Why did God reject Cain’s sacrifice, but accepted Abel’s? It had nothing to do with what each man brought, but rather, the condition of their hearts. Sacrifices and offerings were not God’s idea. He doesn’t need them and He didn’t ask for them. What matters most to God is the heart of the worshiper; not his gifts.
In Genesis 4, Cain did not offer a sacrifice to God because God had commanded them to make sacrifices. No, Cain was trying to give God back His fruit. Cain was trying to please and appease God, and hopefully, gain a way for himself and his family to reenter the Garden of Eden. He was trying to fulfill the expectations of his parents.
Many believe that Genesis 3:21 teaches that God performed the first sacrifice when he made tunics of skin for Adam and Eve. But is this correct? There are numerous other theories about where the skin came from and what kind of skin it was. We read substitutionary atonement and the sacrificial system into Genesis 3:21 at our own theological peril.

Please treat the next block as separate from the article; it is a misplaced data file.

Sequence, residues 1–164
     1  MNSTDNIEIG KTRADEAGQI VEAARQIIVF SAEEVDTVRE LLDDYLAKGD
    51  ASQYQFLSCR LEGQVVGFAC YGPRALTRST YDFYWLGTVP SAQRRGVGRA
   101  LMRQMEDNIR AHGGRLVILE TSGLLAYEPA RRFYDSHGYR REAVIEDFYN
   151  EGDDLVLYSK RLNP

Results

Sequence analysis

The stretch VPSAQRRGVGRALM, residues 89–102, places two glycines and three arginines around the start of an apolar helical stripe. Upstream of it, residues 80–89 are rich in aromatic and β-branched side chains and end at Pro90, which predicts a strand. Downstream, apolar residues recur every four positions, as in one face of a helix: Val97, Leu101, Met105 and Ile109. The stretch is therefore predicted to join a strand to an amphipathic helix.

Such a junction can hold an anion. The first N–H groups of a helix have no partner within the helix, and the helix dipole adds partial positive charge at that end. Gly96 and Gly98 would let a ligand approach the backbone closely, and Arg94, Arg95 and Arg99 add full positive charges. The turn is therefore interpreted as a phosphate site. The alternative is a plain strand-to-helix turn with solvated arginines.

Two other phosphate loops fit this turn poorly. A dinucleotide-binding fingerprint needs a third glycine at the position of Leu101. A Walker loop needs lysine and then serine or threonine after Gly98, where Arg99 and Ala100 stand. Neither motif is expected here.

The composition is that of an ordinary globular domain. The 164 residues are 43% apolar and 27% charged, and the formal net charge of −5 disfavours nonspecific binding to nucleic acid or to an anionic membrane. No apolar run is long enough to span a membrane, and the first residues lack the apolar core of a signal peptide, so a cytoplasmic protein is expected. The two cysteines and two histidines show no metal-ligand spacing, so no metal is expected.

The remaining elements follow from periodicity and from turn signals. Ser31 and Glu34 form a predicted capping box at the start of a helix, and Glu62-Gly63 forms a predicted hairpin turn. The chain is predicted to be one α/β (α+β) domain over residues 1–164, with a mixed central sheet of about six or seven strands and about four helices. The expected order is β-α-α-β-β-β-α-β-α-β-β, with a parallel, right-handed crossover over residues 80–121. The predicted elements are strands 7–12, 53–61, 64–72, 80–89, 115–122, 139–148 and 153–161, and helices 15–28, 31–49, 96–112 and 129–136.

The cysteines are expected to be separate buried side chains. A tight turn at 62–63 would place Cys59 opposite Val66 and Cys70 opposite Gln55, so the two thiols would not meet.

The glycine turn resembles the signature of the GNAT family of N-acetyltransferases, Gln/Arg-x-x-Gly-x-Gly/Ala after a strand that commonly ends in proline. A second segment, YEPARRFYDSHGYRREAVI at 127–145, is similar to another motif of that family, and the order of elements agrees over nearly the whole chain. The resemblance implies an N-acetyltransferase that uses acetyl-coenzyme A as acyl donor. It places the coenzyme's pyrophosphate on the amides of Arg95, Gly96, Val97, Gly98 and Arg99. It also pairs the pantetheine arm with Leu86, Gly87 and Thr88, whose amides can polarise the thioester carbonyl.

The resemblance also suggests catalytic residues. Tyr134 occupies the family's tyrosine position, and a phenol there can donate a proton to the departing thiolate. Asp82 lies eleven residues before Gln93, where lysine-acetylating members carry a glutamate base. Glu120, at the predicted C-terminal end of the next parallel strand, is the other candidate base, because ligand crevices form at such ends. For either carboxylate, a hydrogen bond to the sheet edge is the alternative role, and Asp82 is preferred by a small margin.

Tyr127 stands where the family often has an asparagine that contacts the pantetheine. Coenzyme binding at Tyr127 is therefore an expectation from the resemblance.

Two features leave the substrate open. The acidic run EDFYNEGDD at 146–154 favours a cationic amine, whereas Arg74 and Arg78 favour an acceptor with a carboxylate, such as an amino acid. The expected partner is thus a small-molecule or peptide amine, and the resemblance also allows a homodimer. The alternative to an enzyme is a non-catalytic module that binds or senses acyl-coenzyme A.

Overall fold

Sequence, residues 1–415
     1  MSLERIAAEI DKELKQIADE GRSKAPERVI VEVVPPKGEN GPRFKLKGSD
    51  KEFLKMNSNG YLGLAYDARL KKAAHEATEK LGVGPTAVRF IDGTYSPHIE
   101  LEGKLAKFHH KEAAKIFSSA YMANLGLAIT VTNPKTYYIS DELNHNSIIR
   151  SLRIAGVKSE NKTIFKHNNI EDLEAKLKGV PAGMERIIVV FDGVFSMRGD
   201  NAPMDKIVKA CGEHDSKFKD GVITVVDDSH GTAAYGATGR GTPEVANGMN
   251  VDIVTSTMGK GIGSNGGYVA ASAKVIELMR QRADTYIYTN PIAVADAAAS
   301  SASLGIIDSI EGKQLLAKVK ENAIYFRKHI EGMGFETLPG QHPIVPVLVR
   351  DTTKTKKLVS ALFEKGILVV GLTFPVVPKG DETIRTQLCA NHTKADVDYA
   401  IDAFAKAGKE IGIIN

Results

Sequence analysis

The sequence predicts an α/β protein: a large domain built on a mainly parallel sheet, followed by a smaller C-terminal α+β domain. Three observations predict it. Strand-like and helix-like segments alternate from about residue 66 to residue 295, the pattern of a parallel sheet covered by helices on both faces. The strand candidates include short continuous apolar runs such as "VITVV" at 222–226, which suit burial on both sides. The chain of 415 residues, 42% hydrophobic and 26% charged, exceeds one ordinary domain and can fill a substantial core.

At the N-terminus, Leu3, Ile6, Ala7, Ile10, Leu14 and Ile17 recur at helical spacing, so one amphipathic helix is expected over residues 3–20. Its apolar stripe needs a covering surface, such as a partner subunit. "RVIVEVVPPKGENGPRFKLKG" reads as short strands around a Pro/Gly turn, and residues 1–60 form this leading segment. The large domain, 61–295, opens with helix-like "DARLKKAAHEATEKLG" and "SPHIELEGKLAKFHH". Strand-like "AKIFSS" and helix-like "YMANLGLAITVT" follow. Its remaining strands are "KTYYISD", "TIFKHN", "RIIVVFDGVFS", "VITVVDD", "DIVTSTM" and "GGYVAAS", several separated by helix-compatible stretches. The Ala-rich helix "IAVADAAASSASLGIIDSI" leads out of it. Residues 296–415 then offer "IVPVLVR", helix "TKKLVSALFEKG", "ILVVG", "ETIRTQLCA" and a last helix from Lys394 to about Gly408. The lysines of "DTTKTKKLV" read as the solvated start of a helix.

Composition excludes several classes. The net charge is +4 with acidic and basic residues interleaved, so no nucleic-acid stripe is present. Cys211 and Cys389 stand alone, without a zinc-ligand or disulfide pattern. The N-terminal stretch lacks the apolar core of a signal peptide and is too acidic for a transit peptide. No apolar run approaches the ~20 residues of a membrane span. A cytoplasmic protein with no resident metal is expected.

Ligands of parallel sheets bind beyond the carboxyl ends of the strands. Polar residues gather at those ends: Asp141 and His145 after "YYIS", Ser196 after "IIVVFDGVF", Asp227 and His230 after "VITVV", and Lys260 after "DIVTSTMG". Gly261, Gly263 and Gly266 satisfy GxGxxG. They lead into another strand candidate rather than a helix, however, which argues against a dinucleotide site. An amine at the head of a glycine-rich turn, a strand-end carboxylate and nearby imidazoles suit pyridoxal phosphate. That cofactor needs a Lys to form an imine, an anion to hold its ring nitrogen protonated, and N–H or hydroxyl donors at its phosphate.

Exodus 14 tells the story of God drowning the Egyptian army. How can God drown Israel’s enemies when Jesus tells us to die for our enemies? In this post, I argue that God didn’t kill the Egyptian army Himself, but God did take the blame for this event and bears responsibility for it because it is something that happened on His watch and seemingly by the hand of His prophet, Moses.
Drunk with Blood by Steve Wells should be mandatory reading by all Christians. It shows us what we Christians don’t want to admit, that God is violent! The sooner we own up to this fact, the sooner we can start dealing with it honestly, and trying to understand the Old Testament violence of God in light of Jesus Christ dying on the cross.